Students miss another day of school amid protests


Jerome Fitzgerald


Tribune Staff Reporter


STUDENTS of Central Andros High School missed another day of school yesterday as protests continued over the Ministry of Education’s decision to transfer a mathematics teacher from the institution to the North Andros High School.

However, Minister of Education Jerome Fitzgerald expressed confidence that students will return to school today following conversations he had with the school’s Parent Teacher Association (PTA) president.

Yesterday marked the third day that parents kept students out of school in protest.

Mr Fitzgerald said his ministry will not give in to the requests of angry parents to transfer the teacher back because he is convinced the right course of action has been taken.

“I had a conversation this morning with the PTA president, Mrs Porter and the principal of the school, Mrs Thompson, and it was a very cordial conversation,” he said.

“The fact is Central High had 200 students and three math teachers whereas North Andros High had over 400 students with two teachers. I had to improve that ratio to bring it in accordance with ministry standards. I explained the various challenges and that I, as minister, have to make the best decision in light of the advice I got.

“I believe it was reasonable to move a math teacher based on the circumstances. We will work to reorganise the schedule for the school.”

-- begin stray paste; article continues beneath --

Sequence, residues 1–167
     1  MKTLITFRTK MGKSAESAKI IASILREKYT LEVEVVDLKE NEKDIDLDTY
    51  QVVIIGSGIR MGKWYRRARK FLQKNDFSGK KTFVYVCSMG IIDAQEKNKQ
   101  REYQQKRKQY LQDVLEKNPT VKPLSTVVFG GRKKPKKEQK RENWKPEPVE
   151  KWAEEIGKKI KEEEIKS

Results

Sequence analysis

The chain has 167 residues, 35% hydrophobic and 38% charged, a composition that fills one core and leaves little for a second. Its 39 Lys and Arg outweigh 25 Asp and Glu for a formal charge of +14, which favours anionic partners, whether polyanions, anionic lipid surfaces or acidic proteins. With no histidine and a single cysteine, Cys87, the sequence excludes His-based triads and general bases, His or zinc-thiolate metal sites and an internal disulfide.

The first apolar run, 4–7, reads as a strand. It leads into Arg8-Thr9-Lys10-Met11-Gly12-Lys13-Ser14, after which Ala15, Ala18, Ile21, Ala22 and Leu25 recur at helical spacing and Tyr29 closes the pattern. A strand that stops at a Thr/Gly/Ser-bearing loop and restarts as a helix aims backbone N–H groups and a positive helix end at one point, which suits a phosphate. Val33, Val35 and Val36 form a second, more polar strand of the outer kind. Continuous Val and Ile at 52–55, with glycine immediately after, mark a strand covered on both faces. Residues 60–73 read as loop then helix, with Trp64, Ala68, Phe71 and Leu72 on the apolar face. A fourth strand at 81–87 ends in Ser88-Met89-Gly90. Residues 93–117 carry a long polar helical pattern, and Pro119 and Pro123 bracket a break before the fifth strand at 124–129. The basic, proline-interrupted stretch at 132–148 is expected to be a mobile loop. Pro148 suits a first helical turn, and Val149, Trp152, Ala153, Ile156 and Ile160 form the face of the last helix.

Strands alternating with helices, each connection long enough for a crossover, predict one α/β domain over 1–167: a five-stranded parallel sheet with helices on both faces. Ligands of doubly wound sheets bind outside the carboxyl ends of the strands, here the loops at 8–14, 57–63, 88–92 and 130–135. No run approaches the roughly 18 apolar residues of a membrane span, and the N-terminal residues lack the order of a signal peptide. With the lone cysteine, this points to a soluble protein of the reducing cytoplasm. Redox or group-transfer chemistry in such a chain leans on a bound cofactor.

Mr Fitzgerald said he appreciated the concern parents had for their children’s education, but said it did not “make sense” to keep students out of class.

“I want parents to be engaged. I don’t think they handled it the way I would’ve preferred,” he said. “I didn’t think it made sense to keep children out of school and so I encourage them to have their kids return as we monitor the situation. I couldn’t make any commitment to them, but keeping kids home won’t change my position on the matter.”

Although the transferring of the mathematics teacher was the last straw for parents, they had other concerns about teacher shortages.

Mr Fitzgerald said it is a problem that many other public schools face.

“I spoke (to the PTA president of the school) about art and music teachers and let her know that if we have them we’d put them there,” Mr Fitzgerald said. “We’ve got about 100 schools in the same position because we don’t have people to put in those positions. The ministry has requirements and qualifications people must meet. A lot of people don’t have the paper qualification so we can’t pay them the salary they would otherwise make since the (Department of) Public Service doesn’t recognise them without it.”

According to Central Andros High School principal Wanda Thompson, about 14 of the school’s 210 students attended classes yesterday.

She said that teachers would be willing to provide extra classes or work to students after they failed to attend school for three days.

Attempts to reach the PTA president for comment yesterday were unsuccessful.


Tommy77 8 years ago

More sad news. http://s04.flagcounter.com/mini/kfoW/..." style="display:none" />


Sickened 8 years ago

Mr. Fitzgerald, if they didn't take their kids out of school and make such a fuss then you (probably) would never had flown down there to meet with them.

This is the same problem that Bahamians are facing with Perry Christie. He will not listen to us until we march on Bay Street by the 1,000's to demand he step down. He is now considered medically incapacitated and needs to resign. Talk to him Jerome!!! Hold is hand and lead him into retirement. It is the right thing to do.


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